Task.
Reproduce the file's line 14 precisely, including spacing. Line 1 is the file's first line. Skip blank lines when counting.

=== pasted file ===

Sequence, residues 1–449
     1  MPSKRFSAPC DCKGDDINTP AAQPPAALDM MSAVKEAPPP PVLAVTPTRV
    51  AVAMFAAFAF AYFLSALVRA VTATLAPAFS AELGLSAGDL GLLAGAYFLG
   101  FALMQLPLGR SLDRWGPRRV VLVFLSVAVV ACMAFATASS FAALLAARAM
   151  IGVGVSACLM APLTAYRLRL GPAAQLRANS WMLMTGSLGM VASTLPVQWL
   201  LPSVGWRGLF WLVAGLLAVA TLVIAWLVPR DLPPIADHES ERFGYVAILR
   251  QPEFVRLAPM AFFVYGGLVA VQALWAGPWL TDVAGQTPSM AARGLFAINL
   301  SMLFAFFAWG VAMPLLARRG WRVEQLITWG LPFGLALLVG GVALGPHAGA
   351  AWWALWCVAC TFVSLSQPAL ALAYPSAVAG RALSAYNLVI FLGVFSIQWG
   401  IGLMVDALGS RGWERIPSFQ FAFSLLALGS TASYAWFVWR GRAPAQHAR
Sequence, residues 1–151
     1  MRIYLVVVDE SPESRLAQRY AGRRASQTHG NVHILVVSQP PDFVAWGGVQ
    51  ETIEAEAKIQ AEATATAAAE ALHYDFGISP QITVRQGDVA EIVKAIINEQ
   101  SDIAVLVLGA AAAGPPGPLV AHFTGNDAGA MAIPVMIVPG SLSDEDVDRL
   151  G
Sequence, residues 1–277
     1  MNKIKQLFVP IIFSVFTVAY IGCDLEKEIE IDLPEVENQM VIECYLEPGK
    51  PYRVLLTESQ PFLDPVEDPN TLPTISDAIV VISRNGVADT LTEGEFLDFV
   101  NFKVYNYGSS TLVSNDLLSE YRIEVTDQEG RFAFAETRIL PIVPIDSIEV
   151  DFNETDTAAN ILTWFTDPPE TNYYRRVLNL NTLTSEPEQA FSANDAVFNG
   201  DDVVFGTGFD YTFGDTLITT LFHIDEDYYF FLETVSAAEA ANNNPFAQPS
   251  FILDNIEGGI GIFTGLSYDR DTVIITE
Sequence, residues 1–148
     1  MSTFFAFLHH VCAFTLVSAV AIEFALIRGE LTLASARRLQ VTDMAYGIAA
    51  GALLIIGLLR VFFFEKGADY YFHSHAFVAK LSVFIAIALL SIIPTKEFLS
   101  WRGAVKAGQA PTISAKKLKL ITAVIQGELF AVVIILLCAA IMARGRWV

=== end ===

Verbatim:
   101  SDIAVLVLGA AAAGPPGPLV AHFTGNDAGA MAIPVMIVPG SLSDEDVDRL